Challenges faced by the Indian Imaging & Diagnostic Sector
Adapting to changing times and evolving for the betterment is not as easy as it sounds. There are challenges and hurdles that need to be overcomed. The medical industry is currently undergoing a paradigm shift
Adapting to changing times and evolving for the betterment is not as easy as it sounds. There are challenges and hurdles that need to be overcomed. The medical industry is currently undergoing a paradigm shift from a typical hospital setup to a smart hospital or digital health setup. We understand that with change comes challenge and hence, the medical industry is surrounded by many things like infrastructure, resources, support and cooperation from the patients and much more.
With the rapid increase in the ever evolving technology, there is not even one field today that can survive without the support of technology. Artificial intelligence has blended in our lives like it is a daily need. The medical industry is also making efforts to include artificial intelligence in order to achieve a better perspective and performance. The inclusion of technology has led to faster, easier and accurate treatments. It has helped the doctors to understand the target problem and curate therapies to eliminate the same. AI is believed to provide better decision making capabilities and deliver accurate insights with little or no error.
The diagnostic and imaging industry is one of the successful examples of incorporation of AI in the medical industry. It is because of the constant evolutions made in this industry has helped find solutions to the deadliest of diseases. There are no two ways in saying that artificial intelligence is the future. With the help of AI, doctors can analyse and understand a wider range of data, predict, prescribe and curate therapies that are also personalized for the specific needs of the patient. With further research and experiments, they are guiding in formulating newer and more effective drugs.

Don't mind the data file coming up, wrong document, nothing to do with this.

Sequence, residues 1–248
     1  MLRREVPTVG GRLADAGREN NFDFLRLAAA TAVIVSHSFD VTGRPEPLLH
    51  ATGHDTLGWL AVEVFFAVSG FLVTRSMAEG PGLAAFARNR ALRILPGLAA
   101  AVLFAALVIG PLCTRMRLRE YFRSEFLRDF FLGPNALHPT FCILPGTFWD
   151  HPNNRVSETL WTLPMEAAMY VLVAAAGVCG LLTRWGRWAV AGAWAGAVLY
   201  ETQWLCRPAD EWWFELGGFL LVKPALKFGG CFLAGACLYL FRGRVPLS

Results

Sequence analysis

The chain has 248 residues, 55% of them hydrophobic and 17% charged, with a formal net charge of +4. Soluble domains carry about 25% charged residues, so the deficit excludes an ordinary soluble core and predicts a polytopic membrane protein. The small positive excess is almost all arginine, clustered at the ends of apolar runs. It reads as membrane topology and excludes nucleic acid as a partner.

With the ongoing pandemic rise, the medical industry is facing an adverse impact. The frontline healthcare workers are facing various challenges across cost, quality, accuracy and treatments. Aspects like infrastructure and manpower are few of the major obstacles being faced in India. This along with the lack of radiologists, researchers, diagnosers and connectivity is leading to an overall delay in treatment of patients. Due to insufficient diagnostic and imaging centres, people often have to travel kilometers in order to get the right treatment. According to Edelweiss Professional Investor Research report (2020), the number of accredited labs in India are 1,216 in 2020 than 576 in 2015. There is still a long way ahead to reach 10 labs per million that countries like the UK, USA and Australia have. Despite having enough capital, infrastructure is still at a shortfall.
Preset notions and the fact that resources are not being applied properly has initiated a constant fear amongst people to get themselves checked. Especially now, with COVID around, people have become apprehensive to visit the doctor. At such times telehealth or connected – health plays a crucial role. Smart sensors, wearable devices, and smart health monitoring systems are making their way in our lives. The Internet of Things or IoT as it is known, is enabling doctors to treat and attend their patients virtually. There will soon be a time when the patients will see a computer first before a doctor.
The growing role of technology will play a crucial role in helping doctors connect with their patients digitally and educate them about various therapies and treatments through videos and animations. In this drive towards ‘Digital Health’ while we might face some challenges like cybersecurity and data breach, however it will largely contribute in designing smart hospitals that help transition towards more care outside the typical hospital setting.